ITOL Top 50 Films of the Decade, Entry No. 47: Cloud Atlas

Year: 2012

Runtime: 172 Minutes

Director:  Lana Wachowski, Lilly Wachowski and Tom Tykwer

Writer: Lana Wachowski, Lilly Wachowski, Tom Tykwer (additional material from Chris Lindsay)

Stars: Tom Hanks, Halle Berry,  Jim Broadbent,  Hugo Weaving, Jim Sturgess, Doona Bae, Ben Whishaw, James D’Arcy, Susan Sarandon, Hugh Grant

By Joan Amenn

” Yet what is any ocean but a multitude of drops?”

    -David Mitchell

“Cloud Atlas” (2012) is not an easy film to understand. In this sense, it owes a debt to another film about time, space and mankind’s cyclical movement through both, Kubrick’s “2001: A Space Odyssey” (1968). Whereas Kubrick asked where mankind was going, directors Tom Tykwer, Lana Wachowski, and Lilly Wachowski seem to answer that wherever we’re going, we’ve been there before.

“Cloud Atlas” defies a simple plot summary.  It is essentially a series of interconnecting stories of people who live and die in different eras of time but who might be the same people reincarnated to face similar challenges repeatedly in an attempt to change the course of mankind’s fate. The truth at the heart of the film is that all of humankind are metaphorically like the multitude of drops that make up an ocean. We are all connected by the same needs for love and acceptance through time and how we give that love and acceptance to each other, or not, is what shapes human history.

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 The common opinion at the time was that this book was “impossible to adapt for the screen” due to the convoluted plot. Without David Mitchell writing the screenplay with the Wachowskis, this would have probably been proven true but together they came up with a more linear story and a clever work around for the many similar yet different characters.  The Wachowskis should be recognized for their bravery in even attempting to take this project on and Tykwer deserves credit too for his work, particularly in the story about the assisted living facility.

What She Said:

“Brilliant or pretentious – or both? An avalanche of ideas cascade relentlessly in this full throttle and stimulating film that is often frustrating and overlong, as it puts forward its proposition that we are all connected.”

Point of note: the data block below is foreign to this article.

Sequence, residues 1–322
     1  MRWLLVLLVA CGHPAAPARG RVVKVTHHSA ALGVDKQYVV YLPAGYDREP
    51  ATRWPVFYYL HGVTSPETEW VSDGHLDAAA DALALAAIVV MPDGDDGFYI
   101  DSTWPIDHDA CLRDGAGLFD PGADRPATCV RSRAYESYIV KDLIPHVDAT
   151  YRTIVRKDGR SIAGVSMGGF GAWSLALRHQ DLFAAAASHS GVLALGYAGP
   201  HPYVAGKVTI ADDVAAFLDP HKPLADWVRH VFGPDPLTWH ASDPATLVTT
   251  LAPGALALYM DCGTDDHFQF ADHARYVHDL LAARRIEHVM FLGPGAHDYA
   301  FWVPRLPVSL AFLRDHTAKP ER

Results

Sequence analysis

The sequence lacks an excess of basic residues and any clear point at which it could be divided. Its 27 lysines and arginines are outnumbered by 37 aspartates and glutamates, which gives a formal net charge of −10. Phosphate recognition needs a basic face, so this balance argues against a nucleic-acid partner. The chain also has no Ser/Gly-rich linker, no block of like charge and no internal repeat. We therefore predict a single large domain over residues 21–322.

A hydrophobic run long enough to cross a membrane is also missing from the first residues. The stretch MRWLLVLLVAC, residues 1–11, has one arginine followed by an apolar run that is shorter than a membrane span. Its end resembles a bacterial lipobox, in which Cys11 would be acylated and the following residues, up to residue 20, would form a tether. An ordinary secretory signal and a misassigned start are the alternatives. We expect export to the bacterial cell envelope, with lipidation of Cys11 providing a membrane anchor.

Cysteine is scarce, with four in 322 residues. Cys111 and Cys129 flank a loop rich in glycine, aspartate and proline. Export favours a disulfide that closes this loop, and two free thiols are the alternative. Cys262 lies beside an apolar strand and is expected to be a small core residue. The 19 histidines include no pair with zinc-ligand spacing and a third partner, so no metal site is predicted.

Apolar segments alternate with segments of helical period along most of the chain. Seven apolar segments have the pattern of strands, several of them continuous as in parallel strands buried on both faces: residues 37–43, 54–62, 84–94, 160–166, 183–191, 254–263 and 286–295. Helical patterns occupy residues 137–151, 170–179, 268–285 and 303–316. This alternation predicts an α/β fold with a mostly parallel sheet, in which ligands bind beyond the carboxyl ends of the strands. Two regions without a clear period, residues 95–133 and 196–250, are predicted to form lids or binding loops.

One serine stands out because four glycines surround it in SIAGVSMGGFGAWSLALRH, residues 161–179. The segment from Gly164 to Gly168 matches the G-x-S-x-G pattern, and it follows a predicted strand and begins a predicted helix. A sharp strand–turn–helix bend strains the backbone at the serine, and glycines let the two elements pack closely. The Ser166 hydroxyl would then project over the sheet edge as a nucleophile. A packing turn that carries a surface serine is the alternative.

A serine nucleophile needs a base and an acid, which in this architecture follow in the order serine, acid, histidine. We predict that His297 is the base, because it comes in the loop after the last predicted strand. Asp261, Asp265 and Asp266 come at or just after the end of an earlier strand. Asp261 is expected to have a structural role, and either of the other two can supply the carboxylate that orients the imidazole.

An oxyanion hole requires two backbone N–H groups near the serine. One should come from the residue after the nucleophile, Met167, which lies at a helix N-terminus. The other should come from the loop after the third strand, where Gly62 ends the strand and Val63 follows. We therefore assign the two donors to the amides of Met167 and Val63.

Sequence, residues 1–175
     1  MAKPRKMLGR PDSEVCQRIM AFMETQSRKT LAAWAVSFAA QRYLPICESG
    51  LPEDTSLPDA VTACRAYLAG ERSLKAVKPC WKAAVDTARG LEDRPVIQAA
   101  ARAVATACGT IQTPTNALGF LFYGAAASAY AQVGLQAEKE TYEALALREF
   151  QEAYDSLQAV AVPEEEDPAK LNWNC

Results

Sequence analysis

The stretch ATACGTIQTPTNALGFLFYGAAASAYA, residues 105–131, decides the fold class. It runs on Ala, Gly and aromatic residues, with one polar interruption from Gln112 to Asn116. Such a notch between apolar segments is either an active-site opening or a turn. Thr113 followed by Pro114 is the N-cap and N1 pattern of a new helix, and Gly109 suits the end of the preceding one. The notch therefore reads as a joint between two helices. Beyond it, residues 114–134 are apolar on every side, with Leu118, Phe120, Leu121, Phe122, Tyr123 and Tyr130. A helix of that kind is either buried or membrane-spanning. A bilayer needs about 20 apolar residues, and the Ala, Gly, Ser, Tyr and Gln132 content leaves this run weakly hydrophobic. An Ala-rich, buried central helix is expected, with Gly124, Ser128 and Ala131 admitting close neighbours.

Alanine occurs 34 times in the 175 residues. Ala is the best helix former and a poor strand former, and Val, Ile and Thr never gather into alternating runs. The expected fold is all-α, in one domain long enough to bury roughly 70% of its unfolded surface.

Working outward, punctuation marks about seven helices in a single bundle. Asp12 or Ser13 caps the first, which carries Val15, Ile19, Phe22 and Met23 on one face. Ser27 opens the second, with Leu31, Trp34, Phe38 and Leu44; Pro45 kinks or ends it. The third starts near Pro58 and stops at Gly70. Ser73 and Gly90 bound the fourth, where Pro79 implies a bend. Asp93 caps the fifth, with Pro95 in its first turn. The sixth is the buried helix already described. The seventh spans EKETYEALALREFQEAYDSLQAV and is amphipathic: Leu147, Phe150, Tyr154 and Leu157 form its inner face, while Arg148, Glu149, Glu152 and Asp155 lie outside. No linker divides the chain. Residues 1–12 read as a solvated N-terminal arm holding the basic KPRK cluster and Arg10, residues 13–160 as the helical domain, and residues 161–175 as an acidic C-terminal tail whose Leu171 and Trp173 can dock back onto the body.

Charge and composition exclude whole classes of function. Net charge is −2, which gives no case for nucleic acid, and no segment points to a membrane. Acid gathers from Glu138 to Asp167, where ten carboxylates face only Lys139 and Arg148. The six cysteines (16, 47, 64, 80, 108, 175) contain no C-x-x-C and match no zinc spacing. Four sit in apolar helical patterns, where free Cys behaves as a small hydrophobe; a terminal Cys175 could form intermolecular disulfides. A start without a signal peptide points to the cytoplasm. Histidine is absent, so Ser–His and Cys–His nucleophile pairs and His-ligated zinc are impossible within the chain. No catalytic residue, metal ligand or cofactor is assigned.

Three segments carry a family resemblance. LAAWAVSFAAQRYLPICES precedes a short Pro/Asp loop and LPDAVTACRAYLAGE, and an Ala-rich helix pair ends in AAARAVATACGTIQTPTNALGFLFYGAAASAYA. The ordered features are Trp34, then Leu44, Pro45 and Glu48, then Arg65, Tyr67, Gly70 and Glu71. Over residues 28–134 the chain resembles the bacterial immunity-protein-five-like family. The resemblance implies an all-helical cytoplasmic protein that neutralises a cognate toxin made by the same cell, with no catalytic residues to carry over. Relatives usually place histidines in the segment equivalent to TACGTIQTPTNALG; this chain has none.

Louise Keller, Urban Cinefile

Most of the ensemble cast play multiple roles so that they reappear in each of the interlocking stories, although some are more successful in being human chameleons than others. Over fifty makeup artists were engaged in creating unique looks as the plot required and yet still keep each actor recognizable despite, in some cases, considerable prosthetics. The overall effect is something like a double exposure photograph where an actor is only disguised enough by makeup to suggest the character they are playing while still being recognizable as a previous character. It sounds complicated but when it works it’s dazzling and conveys the sense of how human lives are all connected through time without a word of dialogue.

Tom Hanks being cast in this film should be seen as the double-edged sword that it is. On one hand, his fame no doubt helped in acquiring production funding. On the other, his instant recognition detracts from his ability to blend from one character to another as the story requires. Also, the less said about his attempt at a Cockney accent the better when he attempts to play a gangster with literary pretensions. He is far better as the predatory Doctor Goose and later in the film, as Zachry, post-apocalyptic goat herder and keeper of the flame of human decency in the far future.